Thursday, January 28, 2021

Leafy Border 2

I've been in domestic urban captivity for about 8 months now and I must admit I am getting weary. Yeah, that's the word. There must be many people just like me. I go out only to get food and supplies, I haven't ordered delivery because I am from another era where this is not done, and no one delivers stuff at 4 AM.

I've faithfully posted to the By-Product all through this dreary era in my life, and I'm working on my biographical project about my mother and her life and work, but both of these are based on Blogger, the blogging software you see now. I may have to put things on hold in order to continue. I also have to save my blog archive (which must be huge by now) because it is a masterpiece of western culture. (NOT)

I managed to retrieve the address for this posting from Facebook. I need to try another operating system, Firefox. What happens when your computer fails due to obsolescence while maintaining social distance rules? Why didn't I learn this stuff when I was a kid? Because there wasn't any of "that stuff" going on when I was a kid. I stuck with comic books and classic TV shows.

I better stop now. The leafy border above is in the "wine decoration" style and I sure wish I had some wine right now but I don't, so if you don't see the By-Product please excuse my technical difficulties.

Black tech pen and marker on sketchbook journal page, 4 1/2" x 6 1/2", January 27, 2021.

Wednesday, January 27, 2021

More Sam


In these sketches, "Alien Basketball-Head Sam" is already a growing boy at five months. I pushed him through the streets of Cambridge in a stroller. I was his Auntie as he grew older. If he were your son, you'd do the same. I'd rather be an aunt than a mother, but since I can't be an aunt (no siblings) I'll be fine by being someone else's family memory.

Black tech pens on sketchbook page, 5 1/2" x 7 1/2", December 22, 1984.

Tuesday, January 26, 2021

Steve Client Sketch 1984


I made a few non-fantasy dollars at conventions drawing portraits. These were usually miniatures used as portrait ID's. If there was time, I would sit my client down and do a sketch like this one and then work it into a color portrait when I got home. Given the date of this picture it's likely that I drew him from life. The portraits had the wearer's name ("Steve") and were about the size of a credit card, though I only took cash.

Black tech pen on sketchbook page, 5" x 5", November 1984.

Monday, January 25, 2021

Leafy Border


This 2021 plant-image border is properly "de-worded" for public consumption. I  am still having technical difficulties here, simple operations are taking long minutes and I may have to resort to another operating system. This slowdown is frustrating. Meanwhile I am working on my mother's "biography." She sure did paint a lot!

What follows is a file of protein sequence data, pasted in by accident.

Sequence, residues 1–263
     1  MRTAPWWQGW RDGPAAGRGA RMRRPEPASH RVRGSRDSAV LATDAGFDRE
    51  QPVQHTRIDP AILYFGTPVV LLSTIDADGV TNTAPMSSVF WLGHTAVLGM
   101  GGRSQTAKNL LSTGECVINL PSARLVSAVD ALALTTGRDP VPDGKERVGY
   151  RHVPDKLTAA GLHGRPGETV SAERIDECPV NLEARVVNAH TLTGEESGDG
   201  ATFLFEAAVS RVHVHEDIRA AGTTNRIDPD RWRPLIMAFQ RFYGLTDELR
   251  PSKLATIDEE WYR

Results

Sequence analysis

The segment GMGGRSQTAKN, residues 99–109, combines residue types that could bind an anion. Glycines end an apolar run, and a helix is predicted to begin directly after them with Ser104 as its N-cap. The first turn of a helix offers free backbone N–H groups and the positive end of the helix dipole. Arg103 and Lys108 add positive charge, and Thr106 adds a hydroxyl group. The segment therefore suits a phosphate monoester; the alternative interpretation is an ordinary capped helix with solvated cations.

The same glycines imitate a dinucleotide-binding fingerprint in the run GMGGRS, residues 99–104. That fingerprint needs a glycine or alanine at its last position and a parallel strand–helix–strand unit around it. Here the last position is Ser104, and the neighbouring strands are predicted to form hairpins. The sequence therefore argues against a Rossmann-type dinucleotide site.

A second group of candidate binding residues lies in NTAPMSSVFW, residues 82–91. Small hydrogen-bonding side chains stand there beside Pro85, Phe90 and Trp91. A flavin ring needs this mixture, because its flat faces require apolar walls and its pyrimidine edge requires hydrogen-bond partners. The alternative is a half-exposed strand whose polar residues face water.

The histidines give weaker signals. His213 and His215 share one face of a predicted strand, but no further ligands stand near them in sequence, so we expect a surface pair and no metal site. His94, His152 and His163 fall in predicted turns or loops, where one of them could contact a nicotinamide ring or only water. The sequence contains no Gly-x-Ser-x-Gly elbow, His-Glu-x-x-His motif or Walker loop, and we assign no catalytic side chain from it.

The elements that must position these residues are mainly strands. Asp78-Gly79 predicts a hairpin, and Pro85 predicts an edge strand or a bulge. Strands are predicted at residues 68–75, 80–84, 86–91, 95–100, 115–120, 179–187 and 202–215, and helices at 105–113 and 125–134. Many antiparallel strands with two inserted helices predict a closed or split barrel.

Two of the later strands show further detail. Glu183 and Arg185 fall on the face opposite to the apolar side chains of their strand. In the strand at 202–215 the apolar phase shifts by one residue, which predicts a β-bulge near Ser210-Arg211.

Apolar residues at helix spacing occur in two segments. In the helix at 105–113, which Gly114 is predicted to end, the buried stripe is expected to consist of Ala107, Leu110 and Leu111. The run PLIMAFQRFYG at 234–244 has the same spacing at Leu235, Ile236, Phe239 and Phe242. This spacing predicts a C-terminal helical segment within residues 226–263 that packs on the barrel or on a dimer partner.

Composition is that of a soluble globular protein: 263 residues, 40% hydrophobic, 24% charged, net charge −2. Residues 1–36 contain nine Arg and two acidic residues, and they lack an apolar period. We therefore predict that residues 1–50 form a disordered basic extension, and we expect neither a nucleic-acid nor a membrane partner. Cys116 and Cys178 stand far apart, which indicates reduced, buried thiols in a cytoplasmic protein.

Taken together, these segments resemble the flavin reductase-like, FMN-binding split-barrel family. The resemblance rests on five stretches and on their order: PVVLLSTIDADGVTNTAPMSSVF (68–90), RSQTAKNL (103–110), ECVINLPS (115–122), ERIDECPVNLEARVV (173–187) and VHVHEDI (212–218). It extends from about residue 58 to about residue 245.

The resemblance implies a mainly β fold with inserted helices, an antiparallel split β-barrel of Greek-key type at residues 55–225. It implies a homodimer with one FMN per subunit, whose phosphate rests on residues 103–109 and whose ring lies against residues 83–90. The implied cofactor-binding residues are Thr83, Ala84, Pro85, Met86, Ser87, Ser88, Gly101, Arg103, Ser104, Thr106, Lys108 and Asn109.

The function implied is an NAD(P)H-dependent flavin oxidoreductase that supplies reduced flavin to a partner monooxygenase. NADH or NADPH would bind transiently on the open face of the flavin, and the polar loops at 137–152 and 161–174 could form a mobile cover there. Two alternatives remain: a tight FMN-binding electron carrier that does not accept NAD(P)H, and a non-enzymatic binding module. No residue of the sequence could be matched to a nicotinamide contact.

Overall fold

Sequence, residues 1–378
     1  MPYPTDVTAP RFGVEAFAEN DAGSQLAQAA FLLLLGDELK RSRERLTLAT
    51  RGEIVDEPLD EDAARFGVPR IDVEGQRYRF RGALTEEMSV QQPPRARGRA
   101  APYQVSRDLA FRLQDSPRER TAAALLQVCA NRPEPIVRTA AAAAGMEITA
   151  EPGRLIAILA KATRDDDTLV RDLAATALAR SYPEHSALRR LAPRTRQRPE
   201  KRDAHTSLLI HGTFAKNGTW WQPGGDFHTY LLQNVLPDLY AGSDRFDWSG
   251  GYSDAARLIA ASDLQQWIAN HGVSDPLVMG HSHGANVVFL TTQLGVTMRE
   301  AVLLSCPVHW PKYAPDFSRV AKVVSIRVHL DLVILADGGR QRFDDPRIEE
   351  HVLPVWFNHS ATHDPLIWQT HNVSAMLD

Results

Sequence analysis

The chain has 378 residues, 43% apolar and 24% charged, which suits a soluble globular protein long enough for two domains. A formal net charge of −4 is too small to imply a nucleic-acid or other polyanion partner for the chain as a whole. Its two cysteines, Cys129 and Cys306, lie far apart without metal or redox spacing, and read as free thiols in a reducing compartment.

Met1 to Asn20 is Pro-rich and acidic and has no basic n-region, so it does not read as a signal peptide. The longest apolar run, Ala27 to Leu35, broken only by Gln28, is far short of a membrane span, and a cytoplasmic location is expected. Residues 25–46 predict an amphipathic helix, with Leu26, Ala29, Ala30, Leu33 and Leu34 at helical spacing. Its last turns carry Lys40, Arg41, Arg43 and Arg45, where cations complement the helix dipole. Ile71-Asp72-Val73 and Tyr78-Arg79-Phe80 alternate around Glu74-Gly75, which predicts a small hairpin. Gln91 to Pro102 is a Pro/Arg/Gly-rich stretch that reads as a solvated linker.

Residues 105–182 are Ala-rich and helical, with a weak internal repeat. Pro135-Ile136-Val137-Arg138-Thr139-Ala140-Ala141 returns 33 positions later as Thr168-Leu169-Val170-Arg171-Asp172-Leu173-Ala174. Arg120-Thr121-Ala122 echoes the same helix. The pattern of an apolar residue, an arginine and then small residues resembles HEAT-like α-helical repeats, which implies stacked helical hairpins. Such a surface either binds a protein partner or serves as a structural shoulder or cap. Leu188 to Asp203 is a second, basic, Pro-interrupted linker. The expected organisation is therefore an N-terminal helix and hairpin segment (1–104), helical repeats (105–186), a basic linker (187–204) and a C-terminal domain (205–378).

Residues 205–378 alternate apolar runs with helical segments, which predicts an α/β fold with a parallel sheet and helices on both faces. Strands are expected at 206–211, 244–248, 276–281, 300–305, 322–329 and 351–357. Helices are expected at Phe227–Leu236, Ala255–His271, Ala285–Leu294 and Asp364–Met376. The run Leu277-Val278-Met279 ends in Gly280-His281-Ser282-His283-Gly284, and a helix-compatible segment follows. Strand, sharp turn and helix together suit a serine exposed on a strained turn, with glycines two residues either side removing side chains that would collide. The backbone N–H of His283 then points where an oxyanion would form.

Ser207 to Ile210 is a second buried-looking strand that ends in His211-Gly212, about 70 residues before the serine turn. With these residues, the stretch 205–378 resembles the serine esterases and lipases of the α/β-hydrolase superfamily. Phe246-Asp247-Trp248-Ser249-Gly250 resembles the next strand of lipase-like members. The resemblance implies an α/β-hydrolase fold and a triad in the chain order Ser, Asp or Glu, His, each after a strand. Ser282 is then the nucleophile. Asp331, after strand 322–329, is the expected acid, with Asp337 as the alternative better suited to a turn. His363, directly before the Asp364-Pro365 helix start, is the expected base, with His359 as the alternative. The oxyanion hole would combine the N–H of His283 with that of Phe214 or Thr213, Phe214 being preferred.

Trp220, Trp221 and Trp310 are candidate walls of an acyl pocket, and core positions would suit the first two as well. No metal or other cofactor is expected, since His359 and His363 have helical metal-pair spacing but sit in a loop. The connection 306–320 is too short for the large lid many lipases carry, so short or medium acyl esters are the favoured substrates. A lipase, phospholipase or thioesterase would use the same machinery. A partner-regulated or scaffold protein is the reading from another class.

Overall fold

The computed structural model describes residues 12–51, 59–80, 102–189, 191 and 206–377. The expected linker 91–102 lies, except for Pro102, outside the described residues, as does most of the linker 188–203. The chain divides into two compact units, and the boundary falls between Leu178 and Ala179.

Tech pens on sketchbook page, 8" x 3", January 23, 2021.

Sunday, January 24, 2021

Esther Geller 1940s: Root People

 By 1939 Esther Geller was engaged to a military gentlemen named Chester Susskind. In 1940, Chester went off to war...and never came back...or so they thought. There were plenty of admirers and studio parties left in the Boston area. Harold Shapero had been declared unfit for military service ("4F") due to emotional instability. 

Meanwhile, Esther was not just having fun at the Museum School. She was a member of an elite group under the direction of Karl Zerbe, a German immigrant who was bringing back the thousands-year-old painting medium of encaustic. This medium had been used in memorial portraits due to its durability. Encaustic is pure pigment mixed with beeswax strengthened with natural resin. Zerbe used this highly technical means to create paintings with gloomy ethnic and surrealistic themes, influenced by the horrors of war. 

Esther continued to paint in encaustic and refine her work in the early 40s. She created floating waves and humanoid creatures whose limbs seemed made out of tangles or sheaves of plant roots. I call them her "Root People" and there are dozens and dozens of them, including watercolors as well. Zerbe's encaustics inspired black shadows and eerie moods which Esther would soon transcend.

Meanwhile, Harold, who graduated from Harvard in 1941, still was friendly with Esther. He wrote some of his best music when he was still at Harvard, such as his "Sonata for Piano Four Hands," or his "String Quartet." Esther painted Root People up until the mid-1940s.

"Dancing Family," encaustic, early 1940s

Saturday, January 23, 2021

Robert Himmelsbach at DarkoverCon 1984


Robert Himmelsbach, master costumer and craftsman, has been my good friend in fandom for decades. He was a stalwart supporter of the Darkover mythos and its creator Marion Zimmer Bradley. I've designed costumes for him and he has collected many art pieces from me as well as posed as a (clothed) portrait model. Here he is at one of our best historical Darkovercons, slightly dressed up.

The usual art tools, the usual art size 5" x 8". I would have loved to do a graphic novel version of a Darkover piece, but Marion strictly rejected it. "I HATE COMIC BOOKS!" she yowled. Probably copyright issues as well.

Friday, January 22, 2021

The Goblet Club


Those of us who were old enough to drink alcohol at conventions held Scotch sipping parties (called "Quiet Gatherings") where we brought out our fancy drinkware. This is the silver-plated goblet I learned to drink Scotch from, when I was living in an artists' colony in Rome. The bottle is a single malt, which we artists couldn't afford. Our little sip meetings were called the "Goblet Club." This was almost 50 years ago. 

I still have my 1971 goblet, as seen here, but I can't drink from it. During the Virginia earthquake of August 2011, it fell to the floor and a big crack opened down one side. At least that's what I think happened. I keep it as a memory.

Black tech pen, 5" x  5", November 1984.